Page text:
Scaring ourselves out of the sun may be fueling epidemics of cancer and autoimmune disease. Here’s a classic example:
There is no such thing as a safe tan, U.S. and British researchers said on Thursday.
They said in their review of published studies that tans and skin cancer both begin with DNA damage caused by exposure to ultraviolet light but many people, especially the young, ignore or are unaware of this danger in a quest for a bronzed body.
Humans developed over many centuries working, playing, and living outside, under the sun. About 40 years ago, we went inside, put on sun screen and hats when we’re outside, because science told us we were killing ourselves with skin cancer. But guess what? We’re killing ourselves with all kinds of cancers, because hiding from the sun has created an unprecedented epidemic of vitamin D deficiency–so much so that Rickets has returned in the children of dark skinned mothers (who are also not out in the sun).
Our food supply doesn’t have nearly the sources of vitamin D to make up for what we are not getting from the sun. In an hour of sun exposure, most people (if they get just slightly pink) will make between 10 and 20 THOUSAND units of vitamin D-3. So when you read that you should increase your vitamin D intake from 400 IU per day (which dose nothing to correct D deficiency) to 1000 units a day (which dose just a little to start to correct deficiency), think about how much vitamin D our bodies are designed to make in the summer sun. We’re designed to live off the vitamin D stores in our body fat during the winter months, but most people run low–which many vitamin D experts believe is what’s behind “flu season”.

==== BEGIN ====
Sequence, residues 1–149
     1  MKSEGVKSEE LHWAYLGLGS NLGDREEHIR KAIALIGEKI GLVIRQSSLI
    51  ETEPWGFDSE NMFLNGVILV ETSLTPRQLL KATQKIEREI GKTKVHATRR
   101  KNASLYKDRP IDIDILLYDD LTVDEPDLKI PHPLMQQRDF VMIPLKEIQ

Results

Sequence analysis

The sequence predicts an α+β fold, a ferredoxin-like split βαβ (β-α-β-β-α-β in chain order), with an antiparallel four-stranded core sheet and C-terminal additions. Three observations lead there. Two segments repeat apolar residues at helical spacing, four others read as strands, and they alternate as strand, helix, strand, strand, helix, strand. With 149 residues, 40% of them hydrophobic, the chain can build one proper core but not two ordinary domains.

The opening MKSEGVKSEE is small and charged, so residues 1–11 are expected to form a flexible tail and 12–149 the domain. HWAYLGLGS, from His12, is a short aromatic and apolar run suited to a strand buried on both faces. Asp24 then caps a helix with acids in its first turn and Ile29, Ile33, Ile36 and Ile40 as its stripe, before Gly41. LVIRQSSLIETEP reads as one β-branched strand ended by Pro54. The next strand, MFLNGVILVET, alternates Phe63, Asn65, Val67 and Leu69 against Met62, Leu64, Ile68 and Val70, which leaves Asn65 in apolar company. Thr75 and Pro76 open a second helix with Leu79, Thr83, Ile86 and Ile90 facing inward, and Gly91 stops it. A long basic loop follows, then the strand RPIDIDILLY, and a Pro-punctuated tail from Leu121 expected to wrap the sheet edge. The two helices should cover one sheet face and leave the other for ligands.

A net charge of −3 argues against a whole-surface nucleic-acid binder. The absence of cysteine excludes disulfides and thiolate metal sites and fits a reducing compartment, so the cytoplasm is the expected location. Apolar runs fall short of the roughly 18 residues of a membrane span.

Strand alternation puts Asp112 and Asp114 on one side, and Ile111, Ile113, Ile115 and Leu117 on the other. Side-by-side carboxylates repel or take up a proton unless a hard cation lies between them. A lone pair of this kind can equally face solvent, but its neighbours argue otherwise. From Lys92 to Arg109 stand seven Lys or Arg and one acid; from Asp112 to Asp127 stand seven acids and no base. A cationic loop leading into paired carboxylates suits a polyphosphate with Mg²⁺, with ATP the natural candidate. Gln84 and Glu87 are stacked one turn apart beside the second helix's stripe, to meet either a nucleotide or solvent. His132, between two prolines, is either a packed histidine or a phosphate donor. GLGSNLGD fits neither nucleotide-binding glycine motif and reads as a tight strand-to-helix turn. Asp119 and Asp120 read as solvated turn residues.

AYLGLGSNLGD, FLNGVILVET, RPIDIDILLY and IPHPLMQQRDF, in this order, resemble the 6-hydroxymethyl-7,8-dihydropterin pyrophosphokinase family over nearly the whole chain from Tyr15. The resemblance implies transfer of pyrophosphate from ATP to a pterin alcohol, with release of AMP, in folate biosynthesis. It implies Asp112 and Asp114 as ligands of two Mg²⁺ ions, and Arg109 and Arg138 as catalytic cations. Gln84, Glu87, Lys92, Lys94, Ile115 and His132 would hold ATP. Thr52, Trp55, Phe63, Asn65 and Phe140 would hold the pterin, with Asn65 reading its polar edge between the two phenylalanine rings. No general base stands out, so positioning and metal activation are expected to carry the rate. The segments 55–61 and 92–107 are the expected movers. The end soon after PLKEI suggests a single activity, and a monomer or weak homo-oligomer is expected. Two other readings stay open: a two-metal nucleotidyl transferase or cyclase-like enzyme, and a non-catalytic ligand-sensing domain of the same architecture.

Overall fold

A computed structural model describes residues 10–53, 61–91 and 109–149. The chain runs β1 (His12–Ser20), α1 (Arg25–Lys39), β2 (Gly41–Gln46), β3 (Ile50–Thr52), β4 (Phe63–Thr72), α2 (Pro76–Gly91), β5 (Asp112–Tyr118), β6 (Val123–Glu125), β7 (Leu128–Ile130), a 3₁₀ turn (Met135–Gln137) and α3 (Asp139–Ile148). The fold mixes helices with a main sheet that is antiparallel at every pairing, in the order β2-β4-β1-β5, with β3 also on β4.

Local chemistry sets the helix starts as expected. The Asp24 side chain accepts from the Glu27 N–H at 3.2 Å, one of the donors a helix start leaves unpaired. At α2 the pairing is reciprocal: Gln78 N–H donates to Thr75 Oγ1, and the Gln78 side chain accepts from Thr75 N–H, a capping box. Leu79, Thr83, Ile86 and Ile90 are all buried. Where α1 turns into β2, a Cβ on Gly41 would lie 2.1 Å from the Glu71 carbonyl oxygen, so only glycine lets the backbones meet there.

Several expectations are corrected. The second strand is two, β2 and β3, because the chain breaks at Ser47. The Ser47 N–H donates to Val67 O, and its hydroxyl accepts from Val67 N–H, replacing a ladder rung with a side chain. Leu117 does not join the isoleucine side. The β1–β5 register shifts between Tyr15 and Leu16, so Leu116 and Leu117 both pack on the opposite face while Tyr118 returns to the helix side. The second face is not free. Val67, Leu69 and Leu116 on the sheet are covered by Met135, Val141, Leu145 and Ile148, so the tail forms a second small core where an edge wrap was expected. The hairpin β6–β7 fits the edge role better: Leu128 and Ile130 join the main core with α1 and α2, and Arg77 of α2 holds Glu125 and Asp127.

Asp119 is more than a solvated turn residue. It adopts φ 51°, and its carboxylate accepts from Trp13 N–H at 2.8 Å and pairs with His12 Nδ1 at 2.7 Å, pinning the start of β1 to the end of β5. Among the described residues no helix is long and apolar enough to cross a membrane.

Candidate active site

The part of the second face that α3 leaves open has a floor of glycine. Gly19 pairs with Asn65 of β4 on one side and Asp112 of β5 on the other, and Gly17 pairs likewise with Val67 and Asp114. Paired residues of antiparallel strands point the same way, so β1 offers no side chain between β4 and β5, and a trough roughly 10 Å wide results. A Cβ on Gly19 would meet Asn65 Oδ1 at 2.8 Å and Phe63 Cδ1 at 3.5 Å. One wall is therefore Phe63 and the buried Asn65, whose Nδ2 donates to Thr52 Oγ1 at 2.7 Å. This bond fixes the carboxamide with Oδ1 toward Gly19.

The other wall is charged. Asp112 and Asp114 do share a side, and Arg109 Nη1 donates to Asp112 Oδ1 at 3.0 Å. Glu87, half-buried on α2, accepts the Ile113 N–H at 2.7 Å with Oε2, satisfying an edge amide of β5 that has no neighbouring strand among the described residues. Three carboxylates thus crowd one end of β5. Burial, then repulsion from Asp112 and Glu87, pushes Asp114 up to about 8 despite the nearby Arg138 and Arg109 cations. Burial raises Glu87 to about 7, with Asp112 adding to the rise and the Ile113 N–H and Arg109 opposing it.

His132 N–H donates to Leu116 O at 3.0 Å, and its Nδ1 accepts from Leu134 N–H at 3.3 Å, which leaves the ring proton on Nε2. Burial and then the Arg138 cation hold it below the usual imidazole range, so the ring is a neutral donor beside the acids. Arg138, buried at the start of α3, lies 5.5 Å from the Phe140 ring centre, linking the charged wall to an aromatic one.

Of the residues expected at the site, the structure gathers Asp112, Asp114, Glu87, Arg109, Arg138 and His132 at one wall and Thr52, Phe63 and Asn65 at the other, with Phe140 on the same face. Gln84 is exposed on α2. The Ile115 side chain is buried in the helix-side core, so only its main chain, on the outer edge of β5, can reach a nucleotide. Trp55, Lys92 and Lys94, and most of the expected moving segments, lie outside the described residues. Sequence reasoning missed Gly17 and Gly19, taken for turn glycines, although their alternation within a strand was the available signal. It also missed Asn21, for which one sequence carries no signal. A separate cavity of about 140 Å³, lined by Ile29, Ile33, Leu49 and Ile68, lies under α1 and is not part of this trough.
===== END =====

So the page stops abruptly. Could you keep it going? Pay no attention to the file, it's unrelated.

If you’re going to replace sun with vitamin D supplements, better be thinking more along the line of 4-6 thousand units a day (and 10 thousand if you’re overweight, since vitamin D gets lost in body fat stores). True, too much sun can spoil your fun, and eventually lead to skin cancer for some, but the kinds of cancer caused by cumulative sun exposure are basal cell and squamous cell cancers, which are more “nuisance” cancers–almost nobody dies from them. The deadly one is melanoma. Since the anti-sun campaign was started in Australia, melanoma rates have continued to soar–probably because robust levels of vitamin D in the body help to prevent melanoma, as well as most of the other common skin cancers.
There is some reasonable scientific evidence that antioxidants in diet and supplements, as well as omega-3 fatty acids can protect our skin’s DNA from sun damage, and reduce the risk of the “nuisance” skin cancers, as well as retard skin aging.